4. I would guess it’s definitely worth keeping – no idea what the value would be though.

  5. Cheryl N. Says:

    Mary, I wonder if your grandfather knew the commander Howard Laubach. This is my maiden name, someone just sent me this same picture to point out possible ancestry. If you know how I could get a copy of this photo, please let me know, my family would really be interested. I attached the website that I found it in along with your comment.
    Thank You

  6. Nancy Motter Says:

    Is it possible to purchase a reproduction ot “The Human Shield” – my son is facisnated by it and would love a copy for Christmas.
    Look forward to hearing from you -
    Nancy Motter

  7. farlane Says:

    Hi Nancy, if you follow the link above you can get this and other photos at a larger size.

    I looked but couldn’t find it for sale anywhere.

  8. John Benson Says:

    I don’t buy it. It’s remarkable what can be done with PhotoShop. Don’t believe me? See the artifacts around the top edge of the shield? And the perspective is way off compared to the background. The upper edge of the shield is clearly defined with very sharp lines, but just past the “men” are buildings that are too fuzzy to identify. The buildings look like paintings.

  9. farlane Says:

    I’m all for skepticism in the face of the powers of Photoshop, but, if you read the article and then follow the links you will learn about the strange perspective calculations involved in these. Google will provide countless corroborating accounts of people who were involved in this (though you can just read Mary’s comment up above). Finally, these images are coming from the Library of Congress, where they have the real photo and scanned it and the others linked to (and the full-sized tif).

  10. Diane Lotito Says:

    I have four of these pictures given to me by my grandfather who served in the US Army during WWI. I have had them in my possesion for 50 years, so I know they are authentic, there was no PhotoShop back then. I have Woodrow Wilson, The Human Liberty Bell, the Human Shield and The Human American Eagle. The Liberty Bell photo has an ink stamp on the back saying Duplicates of this picture can be obtained for $1.00 Mole & Thomas, 915 Medinah Bldg., Chicago, ILL. These pictures are 92 years old.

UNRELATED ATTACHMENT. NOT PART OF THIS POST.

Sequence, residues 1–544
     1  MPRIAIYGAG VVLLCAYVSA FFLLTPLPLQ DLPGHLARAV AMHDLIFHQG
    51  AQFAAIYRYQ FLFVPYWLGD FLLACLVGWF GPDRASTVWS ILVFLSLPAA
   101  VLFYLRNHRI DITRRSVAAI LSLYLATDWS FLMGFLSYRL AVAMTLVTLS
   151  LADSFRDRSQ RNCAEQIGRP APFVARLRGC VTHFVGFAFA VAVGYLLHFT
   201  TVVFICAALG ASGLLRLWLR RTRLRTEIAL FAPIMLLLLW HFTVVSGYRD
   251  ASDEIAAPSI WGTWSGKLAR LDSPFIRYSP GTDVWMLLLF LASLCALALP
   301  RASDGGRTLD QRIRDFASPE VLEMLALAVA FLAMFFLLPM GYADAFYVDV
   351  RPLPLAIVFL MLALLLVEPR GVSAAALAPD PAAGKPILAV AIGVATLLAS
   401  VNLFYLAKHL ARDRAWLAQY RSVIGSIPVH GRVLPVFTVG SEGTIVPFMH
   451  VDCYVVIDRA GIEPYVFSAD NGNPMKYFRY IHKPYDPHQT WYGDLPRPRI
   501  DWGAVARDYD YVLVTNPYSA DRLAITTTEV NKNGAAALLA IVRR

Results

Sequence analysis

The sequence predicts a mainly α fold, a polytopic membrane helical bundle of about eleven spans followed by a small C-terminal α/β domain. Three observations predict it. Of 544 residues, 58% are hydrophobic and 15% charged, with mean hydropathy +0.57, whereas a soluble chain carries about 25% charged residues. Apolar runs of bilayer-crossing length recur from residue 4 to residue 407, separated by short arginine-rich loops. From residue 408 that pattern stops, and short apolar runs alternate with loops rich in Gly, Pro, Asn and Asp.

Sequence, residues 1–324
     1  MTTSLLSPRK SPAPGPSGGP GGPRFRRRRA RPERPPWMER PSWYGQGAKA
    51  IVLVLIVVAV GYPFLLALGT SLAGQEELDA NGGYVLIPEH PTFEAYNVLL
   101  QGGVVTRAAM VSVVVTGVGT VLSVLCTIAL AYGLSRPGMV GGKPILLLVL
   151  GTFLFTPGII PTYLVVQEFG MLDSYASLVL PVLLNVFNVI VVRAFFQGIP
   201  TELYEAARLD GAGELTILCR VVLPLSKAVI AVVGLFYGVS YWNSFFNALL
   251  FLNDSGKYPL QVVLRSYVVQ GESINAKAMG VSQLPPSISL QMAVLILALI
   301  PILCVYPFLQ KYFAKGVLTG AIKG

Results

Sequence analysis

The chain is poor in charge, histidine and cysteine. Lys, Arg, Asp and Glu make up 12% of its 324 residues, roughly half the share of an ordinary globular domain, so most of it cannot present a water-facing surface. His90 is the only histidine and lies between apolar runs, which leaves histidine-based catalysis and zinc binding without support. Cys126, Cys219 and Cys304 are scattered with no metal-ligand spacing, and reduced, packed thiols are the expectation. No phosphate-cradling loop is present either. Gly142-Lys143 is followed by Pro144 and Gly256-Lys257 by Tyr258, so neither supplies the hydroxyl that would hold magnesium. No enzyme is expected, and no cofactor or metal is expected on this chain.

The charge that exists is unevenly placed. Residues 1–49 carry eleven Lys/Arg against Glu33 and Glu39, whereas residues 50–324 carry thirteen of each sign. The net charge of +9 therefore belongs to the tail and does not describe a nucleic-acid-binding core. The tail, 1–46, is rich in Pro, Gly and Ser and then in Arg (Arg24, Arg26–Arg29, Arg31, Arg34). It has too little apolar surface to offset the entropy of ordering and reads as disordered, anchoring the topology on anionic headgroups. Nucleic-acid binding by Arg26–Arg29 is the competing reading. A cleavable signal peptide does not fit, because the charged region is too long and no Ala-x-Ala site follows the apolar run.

11. Josie Hyde Says:

    I also have this picture, and it looks very very old. I am trying to find out if my grandfather is in this picture. All relatives that would know, have passed. Is there any site where the names are listed? My copy does not have anything written on the back, but it does have C and the date 1918 and Mole & Thomas & the address & chicago, Ill. in the right corner. Any info would be appreciated.

  12. Brenda Says:

    l have an original of the human american eagle if anyone is interested in purchasing one.


Leave a Reply

Fill in your details below or click an icon to log in:

WordPress.com Logo

You are commenting using your WordPress.com account. Log Out / Change )

Twitter picture

You are commenting using your Twitter account. Log Out / Change )

Facebook photo

You are commenting using your Facebook account. Log Out / Change )

Google+ photo

You are commenting using your Google+ account. Log Out / Change )

Connecting to %s

Follow

Get every new post delivered to your Inbox.

Join 8,141 other followers

%d bloggers like this: